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Low-income Minnesotans would get a credit of up to $60 a year to offset the new clothing tax. To come out ahead, a Minnesota family would have to spend less than $1,000 a year on clothing.
The Senate proposal includes millions of dollars in new economic development and aid for schools and local governments, which DFLers hope will drive down property taxes.
The Senate plan carves out tax beaks for dental clinics, airplane equipment and investors in fledgling companies. Also included is help for communities whose home companies are eyeing major expansions, such as 3M in Maplewood and the Mayo Clinic in Rochester.
“Rochester needs to keep up with Mayo’s growth,” Skoe said. “We think this is a wise use of state resources.”
Skoe said the proposal also honors a long-standing DFL goal of lowering property taxes for most Minnesotans.
While the House favors direct property tax rebates, the Senate prefers to have the state take on a larger share of education funding and boost aid to local governments.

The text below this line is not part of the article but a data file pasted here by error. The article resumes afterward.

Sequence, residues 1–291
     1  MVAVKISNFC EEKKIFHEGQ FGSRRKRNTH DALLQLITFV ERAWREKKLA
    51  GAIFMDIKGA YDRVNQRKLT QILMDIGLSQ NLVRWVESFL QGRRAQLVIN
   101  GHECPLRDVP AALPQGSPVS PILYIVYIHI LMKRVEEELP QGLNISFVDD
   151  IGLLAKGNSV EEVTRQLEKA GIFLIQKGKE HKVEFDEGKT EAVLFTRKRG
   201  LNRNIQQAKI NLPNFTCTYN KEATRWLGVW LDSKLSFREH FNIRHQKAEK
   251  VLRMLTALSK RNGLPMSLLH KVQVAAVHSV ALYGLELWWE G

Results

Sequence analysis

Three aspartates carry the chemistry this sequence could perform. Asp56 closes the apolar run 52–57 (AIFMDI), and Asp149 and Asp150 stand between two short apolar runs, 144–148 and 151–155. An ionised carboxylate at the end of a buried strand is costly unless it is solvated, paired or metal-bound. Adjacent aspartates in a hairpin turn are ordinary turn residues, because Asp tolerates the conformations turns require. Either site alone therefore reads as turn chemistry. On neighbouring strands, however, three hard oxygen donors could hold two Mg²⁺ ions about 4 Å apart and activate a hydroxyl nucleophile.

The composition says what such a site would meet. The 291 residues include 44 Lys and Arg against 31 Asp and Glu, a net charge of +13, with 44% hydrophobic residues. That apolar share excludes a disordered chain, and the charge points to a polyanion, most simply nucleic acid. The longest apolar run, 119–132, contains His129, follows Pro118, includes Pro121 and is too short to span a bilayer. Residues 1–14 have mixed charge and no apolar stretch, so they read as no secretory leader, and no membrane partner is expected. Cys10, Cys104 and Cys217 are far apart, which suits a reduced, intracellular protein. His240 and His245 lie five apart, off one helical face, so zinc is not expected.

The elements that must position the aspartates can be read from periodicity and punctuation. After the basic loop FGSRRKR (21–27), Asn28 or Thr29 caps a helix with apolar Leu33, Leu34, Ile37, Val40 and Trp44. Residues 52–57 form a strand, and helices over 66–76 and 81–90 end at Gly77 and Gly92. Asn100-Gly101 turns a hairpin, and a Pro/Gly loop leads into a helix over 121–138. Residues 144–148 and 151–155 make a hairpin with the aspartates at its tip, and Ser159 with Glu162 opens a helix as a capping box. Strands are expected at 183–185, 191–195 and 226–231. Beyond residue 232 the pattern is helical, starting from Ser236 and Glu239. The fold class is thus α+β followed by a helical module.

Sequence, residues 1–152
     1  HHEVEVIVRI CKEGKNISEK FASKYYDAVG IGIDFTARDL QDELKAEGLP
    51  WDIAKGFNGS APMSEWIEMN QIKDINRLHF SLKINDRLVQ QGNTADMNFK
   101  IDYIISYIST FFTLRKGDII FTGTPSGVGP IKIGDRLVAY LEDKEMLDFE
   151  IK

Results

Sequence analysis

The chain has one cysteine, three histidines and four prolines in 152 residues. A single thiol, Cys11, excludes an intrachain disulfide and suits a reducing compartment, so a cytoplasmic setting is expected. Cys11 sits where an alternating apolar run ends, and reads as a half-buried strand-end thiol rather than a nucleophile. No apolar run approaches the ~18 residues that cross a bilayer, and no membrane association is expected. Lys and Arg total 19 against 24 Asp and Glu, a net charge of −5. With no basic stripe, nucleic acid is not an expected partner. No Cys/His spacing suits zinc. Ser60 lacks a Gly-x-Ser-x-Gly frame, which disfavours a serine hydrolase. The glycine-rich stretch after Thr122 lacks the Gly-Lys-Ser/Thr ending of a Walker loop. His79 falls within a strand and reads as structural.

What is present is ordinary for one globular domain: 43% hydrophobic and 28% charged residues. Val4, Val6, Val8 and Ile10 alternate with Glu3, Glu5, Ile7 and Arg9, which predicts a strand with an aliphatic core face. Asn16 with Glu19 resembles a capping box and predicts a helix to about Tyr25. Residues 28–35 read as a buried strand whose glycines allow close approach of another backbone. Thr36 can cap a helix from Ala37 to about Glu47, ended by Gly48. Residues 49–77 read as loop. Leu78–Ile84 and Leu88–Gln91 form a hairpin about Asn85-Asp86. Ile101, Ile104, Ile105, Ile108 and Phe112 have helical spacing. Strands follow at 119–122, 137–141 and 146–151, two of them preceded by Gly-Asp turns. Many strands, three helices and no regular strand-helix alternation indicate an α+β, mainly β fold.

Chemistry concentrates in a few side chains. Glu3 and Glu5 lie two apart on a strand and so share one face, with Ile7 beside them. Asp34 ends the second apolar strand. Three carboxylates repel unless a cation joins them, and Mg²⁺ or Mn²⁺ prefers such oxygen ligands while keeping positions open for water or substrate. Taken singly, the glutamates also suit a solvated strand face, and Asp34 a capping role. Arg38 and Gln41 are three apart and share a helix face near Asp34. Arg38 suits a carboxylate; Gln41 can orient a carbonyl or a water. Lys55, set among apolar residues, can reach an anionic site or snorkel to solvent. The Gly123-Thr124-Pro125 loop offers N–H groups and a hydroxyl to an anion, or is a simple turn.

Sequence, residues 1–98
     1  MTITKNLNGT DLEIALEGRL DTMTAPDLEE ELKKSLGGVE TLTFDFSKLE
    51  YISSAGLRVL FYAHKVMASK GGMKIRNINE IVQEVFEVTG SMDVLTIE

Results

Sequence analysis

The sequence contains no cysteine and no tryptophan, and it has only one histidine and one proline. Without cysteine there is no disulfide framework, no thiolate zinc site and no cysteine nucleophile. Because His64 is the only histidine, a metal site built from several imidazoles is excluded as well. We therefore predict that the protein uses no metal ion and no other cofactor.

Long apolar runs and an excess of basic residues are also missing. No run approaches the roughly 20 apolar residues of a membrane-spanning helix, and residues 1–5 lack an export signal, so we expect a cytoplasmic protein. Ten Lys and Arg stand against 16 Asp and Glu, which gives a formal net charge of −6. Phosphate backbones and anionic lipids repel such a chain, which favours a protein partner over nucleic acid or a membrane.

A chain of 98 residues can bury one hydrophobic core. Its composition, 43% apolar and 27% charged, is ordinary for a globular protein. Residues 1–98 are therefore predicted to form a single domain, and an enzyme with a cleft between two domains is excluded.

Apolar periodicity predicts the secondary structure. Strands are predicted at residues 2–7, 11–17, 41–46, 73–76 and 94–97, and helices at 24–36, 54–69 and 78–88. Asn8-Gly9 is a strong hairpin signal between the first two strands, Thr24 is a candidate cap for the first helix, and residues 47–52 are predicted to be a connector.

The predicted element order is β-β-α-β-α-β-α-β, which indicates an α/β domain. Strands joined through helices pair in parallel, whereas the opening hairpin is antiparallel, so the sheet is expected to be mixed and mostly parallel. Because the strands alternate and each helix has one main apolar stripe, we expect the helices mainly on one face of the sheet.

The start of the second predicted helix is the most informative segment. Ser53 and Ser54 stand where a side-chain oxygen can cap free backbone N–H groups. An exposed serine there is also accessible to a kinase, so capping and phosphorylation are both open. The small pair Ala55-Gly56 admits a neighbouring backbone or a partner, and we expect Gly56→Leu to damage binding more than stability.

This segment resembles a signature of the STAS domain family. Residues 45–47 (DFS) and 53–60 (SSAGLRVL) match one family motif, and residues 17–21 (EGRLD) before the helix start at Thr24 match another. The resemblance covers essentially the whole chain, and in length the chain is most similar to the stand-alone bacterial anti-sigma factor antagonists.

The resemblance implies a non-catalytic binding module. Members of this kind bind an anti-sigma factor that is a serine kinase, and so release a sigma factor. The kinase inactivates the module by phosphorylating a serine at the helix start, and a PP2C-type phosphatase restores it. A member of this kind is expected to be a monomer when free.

The Senate plan also includes a new 13 percent wholesale tax on sports jerseys and other memorabilia, which could then get passed on to taxpayers in the form of higher price tags. Combined with the sales tax, the total tax on sports memorabilia would approach 20 percent.
The memorabilia tax is expected to bring in more than $32 million over two years and help pay the state’s share of the new Minnesota Vikings stadium. State leaders are scrambling to find new money to pay for the stadium because the preferred revenue source, electronic pulltabs, has fallen far short of projections.
Skoe said the Senate plan would slice off a small portion of that new memorabilia tax, about 5 percent, for youth sports activities statewide.
Baird Helgeson • 651-925-5044